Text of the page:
|4/14/19 BC Legislative Assembly Building|
Although I have been to Victoria, British Columbia, several times, all those visits had been before I began sketching. A few months ago, Gabi Campanario announced that he was offering urban sketching workshops in the charming Canadian city. Recalling the historic architecture and lovely harbor, I jumped at the opportunity to visit again – this time with sketchbook in hand.
|4/12/19 Gabi and I met up on the Clipper ferry to Victoria. Here|
he is finishing up his presentation.
Co-sponsored by Greater Victoria Placemaking Network, the workshop weekend began last Friday afternoon with a free presentation by Gabi about urban sketching. Although I’ve heard Gabi give similar talks at other workshops I’ve taken with him, I always find it helpful to be reminded of his tips, basic practices and principles to get the most out of urban sketching. For example, here’s the order of priority that Gabi places on the elements of a sketch:
- Composition (more than 60 percent of the success of a sketch depends on a strong composition)
- Tones and values (“squint hard to see them”)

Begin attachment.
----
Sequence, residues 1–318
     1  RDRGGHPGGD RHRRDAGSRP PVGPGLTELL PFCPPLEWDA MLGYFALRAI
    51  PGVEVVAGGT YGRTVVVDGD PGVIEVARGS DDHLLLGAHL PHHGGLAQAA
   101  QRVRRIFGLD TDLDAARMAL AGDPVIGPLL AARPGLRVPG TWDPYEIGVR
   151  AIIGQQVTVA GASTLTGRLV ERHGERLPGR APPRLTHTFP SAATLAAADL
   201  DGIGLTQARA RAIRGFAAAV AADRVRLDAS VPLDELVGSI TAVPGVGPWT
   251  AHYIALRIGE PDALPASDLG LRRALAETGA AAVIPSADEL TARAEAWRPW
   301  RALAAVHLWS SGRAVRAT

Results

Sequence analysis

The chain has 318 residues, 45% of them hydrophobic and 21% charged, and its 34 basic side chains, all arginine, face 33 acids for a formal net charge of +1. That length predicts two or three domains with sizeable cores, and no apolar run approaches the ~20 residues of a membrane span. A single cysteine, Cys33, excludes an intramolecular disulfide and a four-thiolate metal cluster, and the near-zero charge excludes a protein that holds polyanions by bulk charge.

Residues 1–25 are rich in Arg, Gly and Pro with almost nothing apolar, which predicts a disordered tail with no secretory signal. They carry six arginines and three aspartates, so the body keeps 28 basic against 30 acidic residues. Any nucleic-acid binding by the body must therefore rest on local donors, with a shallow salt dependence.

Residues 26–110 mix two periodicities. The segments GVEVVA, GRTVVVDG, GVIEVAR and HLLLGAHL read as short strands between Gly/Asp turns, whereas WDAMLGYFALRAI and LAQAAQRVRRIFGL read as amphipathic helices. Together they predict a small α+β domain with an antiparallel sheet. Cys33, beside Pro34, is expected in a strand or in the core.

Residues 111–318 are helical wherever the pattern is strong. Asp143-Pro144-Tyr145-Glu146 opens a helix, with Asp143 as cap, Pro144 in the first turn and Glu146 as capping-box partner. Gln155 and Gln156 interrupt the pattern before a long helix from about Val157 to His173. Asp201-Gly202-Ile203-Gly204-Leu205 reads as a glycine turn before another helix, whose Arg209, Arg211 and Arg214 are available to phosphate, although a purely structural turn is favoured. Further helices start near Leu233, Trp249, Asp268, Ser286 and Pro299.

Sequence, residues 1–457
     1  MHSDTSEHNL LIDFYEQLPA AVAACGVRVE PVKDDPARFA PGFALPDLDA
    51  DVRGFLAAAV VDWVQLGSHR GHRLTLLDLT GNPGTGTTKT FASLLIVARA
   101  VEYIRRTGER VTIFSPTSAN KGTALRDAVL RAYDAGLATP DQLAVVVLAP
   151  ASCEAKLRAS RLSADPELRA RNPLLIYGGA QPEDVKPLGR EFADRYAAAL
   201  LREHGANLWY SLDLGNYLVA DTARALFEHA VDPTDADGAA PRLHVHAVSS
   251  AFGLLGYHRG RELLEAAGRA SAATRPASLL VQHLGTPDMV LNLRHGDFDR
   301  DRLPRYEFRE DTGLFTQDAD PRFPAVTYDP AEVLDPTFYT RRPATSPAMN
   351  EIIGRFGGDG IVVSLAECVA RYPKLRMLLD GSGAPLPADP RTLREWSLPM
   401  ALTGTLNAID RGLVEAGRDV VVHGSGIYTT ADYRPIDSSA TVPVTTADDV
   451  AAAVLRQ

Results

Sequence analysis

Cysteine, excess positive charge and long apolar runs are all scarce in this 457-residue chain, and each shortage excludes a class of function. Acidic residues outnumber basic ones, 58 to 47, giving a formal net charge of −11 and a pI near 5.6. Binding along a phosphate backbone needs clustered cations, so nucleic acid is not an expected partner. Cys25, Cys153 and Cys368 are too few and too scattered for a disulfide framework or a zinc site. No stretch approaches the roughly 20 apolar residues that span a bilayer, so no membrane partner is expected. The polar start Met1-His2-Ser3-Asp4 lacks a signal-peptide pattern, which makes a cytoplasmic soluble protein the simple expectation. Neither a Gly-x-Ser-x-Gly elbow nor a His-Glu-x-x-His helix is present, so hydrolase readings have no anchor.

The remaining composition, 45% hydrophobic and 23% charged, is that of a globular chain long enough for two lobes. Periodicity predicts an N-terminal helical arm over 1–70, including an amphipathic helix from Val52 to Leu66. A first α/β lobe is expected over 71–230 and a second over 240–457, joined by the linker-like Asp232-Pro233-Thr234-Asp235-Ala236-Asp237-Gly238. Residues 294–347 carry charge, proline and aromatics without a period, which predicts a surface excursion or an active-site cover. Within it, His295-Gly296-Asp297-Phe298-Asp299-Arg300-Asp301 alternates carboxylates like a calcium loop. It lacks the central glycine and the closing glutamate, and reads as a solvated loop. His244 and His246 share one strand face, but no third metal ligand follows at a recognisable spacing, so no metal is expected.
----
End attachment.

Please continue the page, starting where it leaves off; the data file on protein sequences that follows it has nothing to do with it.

- Color (might not be necessary if other elements are strong)
Other words of wisdom:
- For the sake of speed, keep drawings small (he favors pocket-size sketchbooks; workshop participants received a small Stillman & Birn free) and stay on your feet (you’re less likely to spend a long time on a single sketch if you don’t get too comfy)
- “Keep your eye on your subject, not on your paper.”
- “Don’t be intimidated by all the gear. . . all you need is a pencil or a ballpoint pen.” Keep materials simple.
- “My sketchbook is a laboratory, not a portfolio.” Gabi encouraged us to experiment and take chances with our sketches instead of trying to make them perfect and precious.
- “I have nothing against erasers.”
|4/12/19 My notes while Gabi gave his presentation.|
|4/12/19 St. Andrew's Presbyterian Church|
After Gabi’s presentation, members of Greater Victoria Placemaking Network, “a group of Greater Victoria residents dedicated to improving our region’s shared places,” took participants on a short walk around the neighborhood to experience public urban spaces. They encouraged us to use all our senses to observe without judging. Since urban sketchers naturally observe their surroundings closely as part of sketching, the group’s values – “we focus on what happens in ‘the public realm’” – complement urban sketching well.